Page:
What team do I belong on?

Shorewood athletics from the perspective of queer students

by Eliana Megargee, Cub Co-Editor

Photo courtesy of Fiona Blair

For many students, sports are a safe haven, a place for them to hone their skills while building a community. But for students within the LGBTQ+ community, this isn’t always the case. 

While there are many queer athletes here at Shorewood, they all have to face unique struggles in the world of sports that cishet people (those who identify with their assigned gender at birth and are heterosexual) don’t have to deal with. 

The most common way that this struggle is shown is through the existence of gendered sports teams. For cis people, they may never consider that there’s anything wrong with gendered teams. But for trans people and those outside of the gender binary, sports teams being separated into two genders can be very harmful.

The state of Washington and the Shoreline School District require student athletes to participate on teams that align with their assigned gender at birth. This requirement leads to situations such as the one Corin Lumsden, junior, is in. 

Lumsden, a trans boy, plays on the girls wrestling team. While overall Lumsden doesn’t mind playing on the girls team, he has felt uneasy with it at times. 

“When I go to girls’ tournaments, then I feel pretty uncomfortable, because all the announcers are like ‘welcome ladies,’ and that’s not very great,” Lumsden said. 

Another student, who prefers to remain anonymous and identifies as agender, using they/them pronouns, also faces difficulties due to playing on a team that doesn’t match their gender. “One of the challenges presented by being on a girls [team] when I’m not a girl is the perceptions of other people,” this student said. 

These perceptions, this stigma, against queer people in sports, is real for many athletes. Ronel Cooper, a senior on the Hip Hop team, says queer people are subject to a stereotype when it comes to their abilities. 

“There is an unfair bias towards queer people in sports. I think that there’s this kind of…. preconceived notion that they’re less capable of doing something simply because they’re in the community,” Cooper said. 

Cooper continued by saying “…that is far from the truth and I think if anything we have more potential because we’re able to be vulnerable already.”

Some feel it’s hard for queer athletes to be treated like everyone else when there’s this constant reminder of their identity from those around them. Fiona Blair, junior, wishes things were different. “I’d like it if people in professional sports, or just sports in general, would be able to be seen for more than just their queer identity through sports,” Blair said. “It’s the only thing they’re being recognized for… I think that can be kind of frustrating… for that to be the only thing seen.” 

For some students, the best thing they can do is steer clear of gendered teams, or even of sports as a whole. 

Ren Healy, senior, is a trans boy who plays for the bowling team, one of Shorewood’s few non-gendered sports. Healy said that he “definitely felt comfortable being on the bowling team because it wasn’t set up in a boy/girl way.”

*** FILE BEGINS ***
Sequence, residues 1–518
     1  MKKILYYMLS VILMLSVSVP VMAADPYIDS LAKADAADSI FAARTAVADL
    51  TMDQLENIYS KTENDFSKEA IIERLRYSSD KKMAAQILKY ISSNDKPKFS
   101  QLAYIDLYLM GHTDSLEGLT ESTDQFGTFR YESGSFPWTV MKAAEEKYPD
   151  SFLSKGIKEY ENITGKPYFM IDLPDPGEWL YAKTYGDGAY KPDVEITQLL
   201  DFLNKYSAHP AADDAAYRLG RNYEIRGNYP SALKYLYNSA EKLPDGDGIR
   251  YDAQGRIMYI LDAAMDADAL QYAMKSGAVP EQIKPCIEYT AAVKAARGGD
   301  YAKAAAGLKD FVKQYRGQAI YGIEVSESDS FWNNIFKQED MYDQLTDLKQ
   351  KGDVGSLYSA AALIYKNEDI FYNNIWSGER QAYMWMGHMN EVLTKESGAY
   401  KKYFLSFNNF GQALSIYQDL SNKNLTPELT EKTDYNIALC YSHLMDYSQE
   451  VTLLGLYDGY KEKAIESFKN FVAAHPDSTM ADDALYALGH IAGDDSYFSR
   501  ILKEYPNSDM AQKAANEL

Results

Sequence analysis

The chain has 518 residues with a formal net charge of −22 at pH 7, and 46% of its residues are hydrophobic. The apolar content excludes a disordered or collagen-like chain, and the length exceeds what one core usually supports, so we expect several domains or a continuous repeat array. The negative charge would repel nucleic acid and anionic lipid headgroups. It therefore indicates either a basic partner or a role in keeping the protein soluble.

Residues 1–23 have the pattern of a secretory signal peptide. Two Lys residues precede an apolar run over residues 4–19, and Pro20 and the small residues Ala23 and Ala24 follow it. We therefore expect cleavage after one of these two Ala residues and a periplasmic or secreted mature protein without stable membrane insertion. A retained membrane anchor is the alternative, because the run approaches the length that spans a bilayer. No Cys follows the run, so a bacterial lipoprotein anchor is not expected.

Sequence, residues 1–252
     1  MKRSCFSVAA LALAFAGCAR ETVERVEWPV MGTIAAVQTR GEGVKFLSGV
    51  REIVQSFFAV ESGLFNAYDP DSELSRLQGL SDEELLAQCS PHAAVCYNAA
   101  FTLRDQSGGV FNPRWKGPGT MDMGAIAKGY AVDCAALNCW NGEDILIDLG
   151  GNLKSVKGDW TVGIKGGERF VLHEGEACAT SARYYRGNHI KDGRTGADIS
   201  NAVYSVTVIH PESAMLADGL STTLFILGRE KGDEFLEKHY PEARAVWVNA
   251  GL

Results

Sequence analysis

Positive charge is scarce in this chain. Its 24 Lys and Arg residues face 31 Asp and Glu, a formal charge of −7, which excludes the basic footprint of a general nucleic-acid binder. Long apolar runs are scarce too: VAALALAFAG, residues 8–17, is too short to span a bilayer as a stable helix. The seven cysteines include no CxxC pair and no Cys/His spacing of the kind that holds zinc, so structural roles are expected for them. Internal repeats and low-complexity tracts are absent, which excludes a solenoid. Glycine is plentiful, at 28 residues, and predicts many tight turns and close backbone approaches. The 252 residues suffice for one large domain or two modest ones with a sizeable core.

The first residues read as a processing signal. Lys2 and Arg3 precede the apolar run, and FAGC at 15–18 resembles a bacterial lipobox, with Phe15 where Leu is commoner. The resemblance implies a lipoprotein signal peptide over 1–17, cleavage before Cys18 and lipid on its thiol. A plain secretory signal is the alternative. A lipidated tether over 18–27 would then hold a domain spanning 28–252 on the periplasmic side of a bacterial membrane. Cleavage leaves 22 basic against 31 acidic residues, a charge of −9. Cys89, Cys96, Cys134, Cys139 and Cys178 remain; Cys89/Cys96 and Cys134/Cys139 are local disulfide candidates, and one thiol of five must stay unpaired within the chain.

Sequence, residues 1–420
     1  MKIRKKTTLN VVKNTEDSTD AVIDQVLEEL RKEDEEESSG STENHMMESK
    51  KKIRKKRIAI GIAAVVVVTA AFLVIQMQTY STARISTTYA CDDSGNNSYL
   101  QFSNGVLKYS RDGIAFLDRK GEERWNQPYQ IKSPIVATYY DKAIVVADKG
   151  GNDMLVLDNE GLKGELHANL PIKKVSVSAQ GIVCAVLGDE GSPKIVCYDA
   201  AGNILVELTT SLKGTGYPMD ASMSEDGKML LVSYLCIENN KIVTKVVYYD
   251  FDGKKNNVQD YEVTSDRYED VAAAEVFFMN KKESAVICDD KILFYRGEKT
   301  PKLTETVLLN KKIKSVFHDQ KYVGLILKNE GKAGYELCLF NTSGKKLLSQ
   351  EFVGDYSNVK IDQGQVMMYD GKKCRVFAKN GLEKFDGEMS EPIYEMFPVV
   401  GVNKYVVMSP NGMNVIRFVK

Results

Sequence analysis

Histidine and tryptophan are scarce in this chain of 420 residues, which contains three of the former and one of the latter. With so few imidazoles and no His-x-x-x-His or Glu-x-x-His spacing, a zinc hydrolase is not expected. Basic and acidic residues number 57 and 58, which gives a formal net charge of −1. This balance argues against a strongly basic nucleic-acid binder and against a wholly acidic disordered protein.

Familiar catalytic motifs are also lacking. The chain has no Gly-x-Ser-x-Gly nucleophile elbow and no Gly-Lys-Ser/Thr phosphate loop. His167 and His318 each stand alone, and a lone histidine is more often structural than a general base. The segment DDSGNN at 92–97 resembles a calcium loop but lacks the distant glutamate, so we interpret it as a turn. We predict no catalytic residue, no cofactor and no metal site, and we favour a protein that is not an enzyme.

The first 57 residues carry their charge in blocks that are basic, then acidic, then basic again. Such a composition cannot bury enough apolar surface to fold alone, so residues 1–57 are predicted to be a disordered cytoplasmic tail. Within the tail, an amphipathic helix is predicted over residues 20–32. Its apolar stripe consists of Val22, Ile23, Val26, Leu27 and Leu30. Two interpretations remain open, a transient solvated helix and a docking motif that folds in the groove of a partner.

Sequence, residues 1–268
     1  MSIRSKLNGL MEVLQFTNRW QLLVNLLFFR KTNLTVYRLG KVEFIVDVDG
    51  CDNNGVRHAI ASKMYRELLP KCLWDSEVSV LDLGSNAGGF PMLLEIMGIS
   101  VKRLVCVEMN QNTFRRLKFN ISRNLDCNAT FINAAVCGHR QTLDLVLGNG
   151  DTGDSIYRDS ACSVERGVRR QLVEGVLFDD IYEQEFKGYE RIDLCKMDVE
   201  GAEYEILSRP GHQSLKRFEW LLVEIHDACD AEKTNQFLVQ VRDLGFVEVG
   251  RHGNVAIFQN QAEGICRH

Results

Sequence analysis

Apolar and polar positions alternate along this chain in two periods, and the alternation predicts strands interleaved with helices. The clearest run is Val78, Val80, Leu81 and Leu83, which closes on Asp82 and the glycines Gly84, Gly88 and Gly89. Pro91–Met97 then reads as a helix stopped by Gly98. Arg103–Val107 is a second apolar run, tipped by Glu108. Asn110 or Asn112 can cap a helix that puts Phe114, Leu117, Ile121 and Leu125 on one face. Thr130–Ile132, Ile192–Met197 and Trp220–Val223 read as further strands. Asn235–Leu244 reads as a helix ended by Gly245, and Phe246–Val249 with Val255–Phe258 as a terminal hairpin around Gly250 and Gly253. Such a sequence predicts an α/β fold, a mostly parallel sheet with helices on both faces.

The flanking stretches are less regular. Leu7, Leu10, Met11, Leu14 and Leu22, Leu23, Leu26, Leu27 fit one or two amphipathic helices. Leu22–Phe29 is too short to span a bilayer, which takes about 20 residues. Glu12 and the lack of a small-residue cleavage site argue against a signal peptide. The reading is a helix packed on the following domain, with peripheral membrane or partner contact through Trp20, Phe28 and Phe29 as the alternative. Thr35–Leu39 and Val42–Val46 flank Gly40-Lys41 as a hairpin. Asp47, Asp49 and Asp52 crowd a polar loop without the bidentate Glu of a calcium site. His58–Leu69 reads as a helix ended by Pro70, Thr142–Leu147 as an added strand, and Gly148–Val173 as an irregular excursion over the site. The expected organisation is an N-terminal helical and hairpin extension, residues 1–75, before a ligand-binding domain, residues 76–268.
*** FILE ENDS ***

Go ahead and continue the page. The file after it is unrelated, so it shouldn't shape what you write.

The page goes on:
Healy continued: “I’d be too scared to play on any teams that were organized by gender… I’d either be playing with a bunch of cis boys and wouldn’t really feel in place, or I’d be playing with a bunch of girls and I wouldn’t feel in place.”

Kate Clark, junior, feels most comfortable staying away from sports. Clark, who is a trans girl, grew up playing baseball. She almost joined Shorewood’s team her freshman year, but didn’t due to the sport not lining up with her gender identity. 

Clark’s solution? “I think there should be coed teams,” she said. In her case, she hopes this would lead to more queer people doing sports. “I still think I wouldn’t [join the team] unless other trans people did,” she said, “because I want a place where I could feel welcomed and safe, and I know a lot of the times sports have a toxic air to them.”

Many other queer athletes agree with Clark’s desire for teams not separated by gender. Sophomore Alex Craft is non-binary and competes on the girls swim team. “I think [non-binary or coed sports teams] could be helpful for quite a bit of people… because then they don’t have to feel as overwhelmed with the fact that they are surrounded by people who might not understand what they’re going through,” Craft said. 

Healy also wishes there were more mixed gender team opportunities. “There should definitely be coed sports teams… I don’t understand why people have to play with just their assigned gender,” said Healy. “People should be able to play on whatever team they feel comfortable with.” 

Teams could potentially separate in ways other than gender. As the anonymous student put it, “We’ve spent years figuring out how to break up sports by strength and ability, so finding a way to do that with teams that aren’t based on gender would be absolutely possible.”